The Bible makes it clear that God will bring the world to an end—not foolish men, not aliens, and not random events. Isaiah 2:12 declares, “The Lord Almighty has a day in store / for all the proud and lofty, / for all that is exalted / (and they will be humbled).” Isaiah 13:6 warns, “Wail, for the day of the Lord is near; / it will come like destruction from the Almighty.” In his second letter, the apostle Peter told us “the day of the Lord will come like a thief. The heavens will disappear with a roar; the elements will be destroyed by fire, and the earth and everything in it will be laid bare” (2 Peter 3:10).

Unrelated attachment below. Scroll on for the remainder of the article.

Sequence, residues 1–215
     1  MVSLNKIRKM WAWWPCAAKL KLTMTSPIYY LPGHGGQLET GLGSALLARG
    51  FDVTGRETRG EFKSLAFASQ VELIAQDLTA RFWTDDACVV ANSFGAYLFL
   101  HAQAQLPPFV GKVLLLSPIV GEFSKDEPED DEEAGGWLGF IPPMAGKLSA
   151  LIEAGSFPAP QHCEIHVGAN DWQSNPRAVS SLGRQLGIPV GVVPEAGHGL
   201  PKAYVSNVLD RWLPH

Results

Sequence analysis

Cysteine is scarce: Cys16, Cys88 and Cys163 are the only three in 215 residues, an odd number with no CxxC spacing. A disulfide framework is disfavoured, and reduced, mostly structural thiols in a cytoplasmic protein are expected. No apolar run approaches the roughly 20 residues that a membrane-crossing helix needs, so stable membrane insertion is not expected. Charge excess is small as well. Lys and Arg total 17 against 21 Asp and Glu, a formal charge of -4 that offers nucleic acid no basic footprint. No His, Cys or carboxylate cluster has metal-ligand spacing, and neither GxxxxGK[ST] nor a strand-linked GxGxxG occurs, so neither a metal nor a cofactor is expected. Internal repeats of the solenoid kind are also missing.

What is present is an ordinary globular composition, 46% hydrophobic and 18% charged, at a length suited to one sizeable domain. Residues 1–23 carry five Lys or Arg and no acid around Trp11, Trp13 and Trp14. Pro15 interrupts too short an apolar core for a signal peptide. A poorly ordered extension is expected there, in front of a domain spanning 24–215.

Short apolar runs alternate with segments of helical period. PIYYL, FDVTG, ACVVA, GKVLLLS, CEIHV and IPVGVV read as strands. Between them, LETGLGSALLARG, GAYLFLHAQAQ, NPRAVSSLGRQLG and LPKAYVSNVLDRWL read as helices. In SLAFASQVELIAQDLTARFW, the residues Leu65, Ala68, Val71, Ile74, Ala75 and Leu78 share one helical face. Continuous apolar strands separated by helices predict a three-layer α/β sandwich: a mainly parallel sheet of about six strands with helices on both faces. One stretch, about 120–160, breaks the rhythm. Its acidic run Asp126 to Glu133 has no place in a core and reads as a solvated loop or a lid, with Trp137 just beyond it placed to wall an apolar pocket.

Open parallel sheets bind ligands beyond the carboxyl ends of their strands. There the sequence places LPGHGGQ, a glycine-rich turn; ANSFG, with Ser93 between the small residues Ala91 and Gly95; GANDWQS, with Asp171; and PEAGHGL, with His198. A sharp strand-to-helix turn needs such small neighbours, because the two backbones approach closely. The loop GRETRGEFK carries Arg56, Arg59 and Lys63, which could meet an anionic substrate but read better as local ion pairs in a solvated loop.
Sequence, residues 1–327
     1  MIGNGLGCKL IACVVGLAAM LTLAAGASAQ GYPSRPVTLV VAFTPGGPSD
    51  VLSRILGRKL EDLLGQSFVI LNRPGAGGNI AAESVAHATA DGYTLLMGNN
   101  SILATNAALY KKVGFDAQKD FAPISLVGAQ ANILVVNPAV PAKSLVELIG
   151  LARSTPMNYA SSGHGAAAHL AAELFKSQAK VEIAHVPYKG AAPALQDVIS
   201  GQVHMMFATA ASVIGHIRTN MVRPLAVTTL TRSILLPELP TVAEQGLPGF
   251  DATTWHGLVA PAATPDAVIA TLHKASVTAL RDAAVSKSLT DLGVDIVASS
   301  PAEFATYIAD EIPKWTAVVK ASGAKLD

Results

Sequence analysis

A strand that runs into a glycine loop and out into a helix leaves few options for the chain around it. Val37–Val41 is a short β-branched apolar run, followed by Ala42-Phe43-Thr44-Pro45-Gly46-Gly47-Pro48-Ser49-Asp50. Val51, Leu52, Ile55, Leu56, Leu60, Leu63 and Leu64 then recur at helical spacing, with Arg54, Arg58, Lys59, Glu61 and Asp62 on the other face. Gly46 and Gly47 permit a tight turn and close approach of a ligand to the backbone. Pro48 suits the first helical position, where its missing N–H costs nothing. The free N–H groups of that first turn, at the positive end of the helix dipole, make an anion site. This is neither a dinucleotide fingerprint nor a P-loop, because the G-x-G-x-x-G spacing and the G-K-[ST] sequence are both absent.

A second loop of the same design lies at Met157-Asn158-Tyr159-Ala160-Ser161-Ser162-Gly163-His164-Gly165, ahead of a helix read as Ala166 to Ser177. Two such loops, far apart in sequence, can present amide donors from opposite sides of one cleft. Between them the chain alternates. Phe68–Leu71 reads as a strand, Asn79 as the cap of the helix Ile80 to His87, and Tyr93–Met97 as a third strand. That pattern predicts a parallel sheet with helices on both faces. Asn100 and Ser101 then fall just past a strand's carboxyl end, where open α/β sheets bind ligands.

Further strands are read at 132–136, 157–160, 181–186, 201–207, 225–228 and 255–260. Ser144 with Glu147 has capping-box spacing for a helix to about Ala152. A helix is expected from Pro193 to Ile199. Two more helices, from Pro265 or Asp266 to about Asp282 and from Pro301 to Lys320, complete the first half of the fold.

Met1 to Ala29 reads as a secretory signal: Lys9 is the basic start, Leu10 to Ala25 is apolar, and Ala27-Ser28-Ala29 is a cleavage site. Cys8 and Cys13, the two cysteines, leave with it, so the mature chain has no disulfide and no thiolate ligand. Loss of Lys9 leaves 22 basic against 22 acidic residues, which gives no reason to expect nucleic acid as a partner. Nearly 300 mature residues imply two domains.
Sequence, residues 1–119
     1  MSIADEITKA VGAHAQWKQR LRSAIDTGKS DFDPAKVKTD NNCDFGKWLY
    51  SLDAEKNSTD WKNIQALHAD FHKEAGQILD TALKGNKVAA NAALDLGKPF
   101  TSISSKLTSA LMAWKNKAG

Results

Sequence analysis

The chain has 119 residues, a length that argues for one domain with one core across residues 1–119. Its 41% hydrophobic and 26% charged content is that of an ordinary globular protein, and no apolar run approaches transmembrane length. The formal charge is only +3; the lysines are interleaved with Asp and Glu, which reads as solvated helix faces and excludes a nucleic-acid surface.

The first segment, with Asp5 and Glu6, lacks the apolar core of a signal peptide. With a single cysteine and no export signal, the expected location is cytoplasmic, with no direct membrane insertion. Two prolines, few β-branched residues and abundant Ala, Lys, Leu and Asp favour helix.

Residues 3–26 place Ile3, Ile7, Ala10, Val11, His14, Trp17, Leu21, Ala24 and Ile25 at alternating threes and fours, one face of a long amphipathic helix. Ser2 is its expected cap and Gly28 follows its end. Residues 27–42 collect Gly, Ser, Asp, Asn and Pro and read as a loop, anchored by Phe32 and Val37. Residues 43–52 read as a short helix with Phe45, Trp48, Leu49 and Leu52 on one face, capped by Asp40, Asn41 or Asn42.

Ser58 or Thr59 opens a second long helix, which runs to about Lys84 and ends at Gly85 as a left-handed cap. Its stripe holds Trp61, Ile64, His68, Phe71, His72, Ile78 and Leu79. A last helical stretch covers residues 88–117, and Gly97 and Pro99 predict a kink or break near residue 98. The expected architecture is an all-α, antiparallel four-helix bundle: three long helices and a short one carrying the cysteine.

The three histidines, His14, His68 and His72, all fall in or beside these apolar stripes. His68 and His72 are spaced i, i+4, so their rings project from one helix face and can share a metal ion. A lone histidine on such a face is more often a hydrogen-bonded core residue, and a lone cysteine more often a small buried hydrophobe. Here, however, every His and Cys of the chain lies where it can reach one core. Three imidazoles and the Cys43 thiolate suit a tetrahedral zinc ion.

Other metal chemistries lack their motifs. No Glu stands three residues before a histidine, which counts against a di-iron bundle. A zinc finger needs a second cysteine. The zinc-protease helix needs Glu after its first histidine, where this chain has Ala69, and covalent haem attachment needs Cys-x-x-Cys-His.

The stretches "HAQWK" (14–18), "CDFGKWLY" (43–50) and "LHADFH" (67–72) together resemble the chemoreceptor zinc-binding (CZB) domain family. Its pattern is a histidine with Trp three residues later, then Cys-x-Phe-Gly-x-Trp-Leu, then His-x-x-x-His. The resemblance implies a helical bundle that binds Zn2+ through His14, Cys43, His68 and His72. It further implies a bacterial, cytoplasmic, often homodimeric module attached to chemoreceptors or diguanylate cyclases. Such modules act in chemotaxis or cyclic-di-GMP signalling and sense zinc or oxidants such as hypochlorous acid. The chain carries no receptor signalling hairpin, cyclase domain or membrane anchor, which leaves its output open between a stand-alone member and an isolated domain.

Even though that sounds a little like the Tunguska Event, the Bible insists that the end of the world will not come as the result of a meteor strike. Instead, the One who created the earth—who “was with God in the beginning,” and “through [whom] all things were made” (John 1:2, 3a)—will finish what He started. “The Lord himself will come down from heaven, with a loud command, with the voice of the archangel and with the trumpet call of God” (1 Thessalonians 4:16). He will return to bring down the curtain on earth’s history. It will not take place in a remote wilderness, where none, or only a few, can witness it. Revelation tells us, “Look, he is coming with the clouds, and every eye will see him” (Revelation 1:7). It will end life as we know it, replacing it with something far better: a new earth where “ ‘There will be no more death or mourning or crying or pain, for the old order of things has passed away’ ” (Revelation 21:4).